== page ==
Peace with Nature and the Liberation of Man

Earth Day Flag ,created by John McConnell

Earth Day Flag, created by John McConnell

In the final chapter of The Crucified God (“Ways towards the Political Liberation of Man”), Jürgen Moltmann explores liberation from what he calls “vicious circles of death” in five interrelated dimensions: 1) the vicious circle of poverty, 2) the vicious circle of force, 3) the vicious circle of racial and political alienation, 4) the vicious circle of the industrial pollution of nature, and 5) the vicious circle of senselessness and godforsakenness. 

Concern for the rights of the humiliated peoples in our world is not made complete without concern for the rights of the earth We must stop seeing nature as something which we should either control (which we tend to do economically) or be liberated from (which we tend to do in our largely escapist spirituality). Instead, we must see ourselves as part of creation and enter into a peaceful cooperation with it. Moltmann describes the path toward our liberation together with nature this way:

In the relationship of society to nature, liberation from the vicious circle of the industrial pollution of nature means peace with nature. No liberation of men from economic distress, political oppression and human alienation will succeed which does not free nature from inhuman exploitation and which does not satisfy nature. As far as we can see today, only a radical change of the relationship of man to nature will get us out of the ecological crisis. The models of self-liberation from nature and domination of it by exploitation lead to the ecological death of nature and humanity. They must therefore be replaced by new models of co-operation with nature. The relationship of working man to nature is not a master-servant relationship but a relationship of intercomminication which pays respect to the circumstances. Nature is not an object of man’s environment, and in this has its own rights and equilibria. Therefore men must exchange their apathetic and often hostile domination over nature for a sympathetic relationship of partnership with the natural world. The hominization of nature in the sphere of human control only leads to the humanization of man when the latter are also ‘naturalized’. Therefore the long phase of the liberation of man from nature in his ‘struggle for existence’ must be replaced by a phase of the liberation of nature from inhumanity for the sake of ‘peace in existence’. To the degree that the transition from an orientation on economic and ecological values and from an increase in the quantity of life to an appreciation of the quality of life, and thus from the possession of nature to the joy of existing in it can overcome the ecological crisis, peace with nature is the symbol of the liberation of man from this vicious circle.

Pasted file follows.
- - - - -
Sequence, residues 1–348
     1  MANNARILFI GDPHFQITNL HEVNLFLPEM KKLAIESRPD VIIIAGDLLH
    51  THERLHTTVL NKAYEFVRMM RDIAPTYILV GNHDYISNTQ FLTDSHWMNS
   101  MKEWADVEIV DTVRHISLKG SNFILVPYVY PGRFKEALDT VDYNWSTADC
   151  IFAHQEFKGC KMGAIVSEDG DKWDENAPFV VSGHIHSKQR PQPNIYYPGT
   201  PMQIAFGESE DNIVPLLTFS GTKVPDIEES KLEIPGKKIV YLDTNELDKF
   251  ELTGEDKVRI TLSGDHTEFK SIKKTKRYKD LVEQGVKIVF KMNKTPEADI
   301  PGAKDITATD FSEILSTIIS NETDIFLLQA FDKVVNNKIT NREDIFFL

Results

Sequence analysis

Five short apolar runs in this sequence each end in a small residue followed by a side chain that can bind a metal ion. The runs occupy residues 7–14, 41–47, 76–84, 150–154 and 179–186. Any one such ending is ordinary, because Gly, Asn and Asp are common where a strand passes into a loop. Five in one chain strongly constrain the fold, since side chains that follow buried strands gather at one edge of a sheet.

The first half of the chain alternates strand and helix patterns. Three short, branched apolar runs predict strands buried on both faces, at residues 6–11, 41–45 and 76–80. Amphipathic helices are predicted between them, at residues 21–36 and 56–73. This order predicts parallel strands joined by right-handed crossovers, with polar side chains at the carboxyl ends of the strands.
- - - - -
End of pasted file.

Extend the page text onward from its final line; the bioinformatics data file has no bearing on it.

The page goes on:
(The Crucified God, 334)


Thomas F. Torrance Audio Lectures

thomastorranceThomas F. Torrance (TFT) was one of the greatest Protestant theologians of the second half of the 20th century.  I’ve still not read much by him directly, though I’ve long appreciated him for his involvement in the English Translation of Karl Barth’s Church Dogmatics….  However, others have introduced me to some of his ideas, and I like what I’ve seen so far!

Last week I shared some audio lectures by Jürgen Moltmann and Karl Barth that I discovered are freely available via the media archives on Princeton Theological Seminary’s website. I was also thrilled to find that there is also an extensive library of TFT audio available over there, which I look forward to digging into during my long commutes. Below is a listing with links to what I found, plus MP3 mirror files hosted here.*

Enjoy!  Continue reading

Jürgen Moltmann 2001 Grider-Winget Lecture Series at NTS (Audio)

20140326-211729.jpgApparently, the theme here on Moltmanniac this week is Moltmann audio (see here, here, and here)!

In October 2001, Jürgen Moltmann delivered a series of lectures at Nazarene Theological Seminary. I became aware of them a while back because several blog posts and pages (like this one) linked to the media files… but by the time I got to them, the links were dead! When I contacted NTS about the possibility of finding these files, I was informed that they were forever lost…. However, I could obtain cassette tapes from their library. This week, I’ve been working on digitizing these tapes, which you can now listen to below or download. I’ve spot checked some of this audio, but have not listened to it all yet. If you find any issues with the files please let me know! Continue reading

Jürgen Moltmann 1968-1972 Lectures on Theology of Hope and The Crucified God (audio)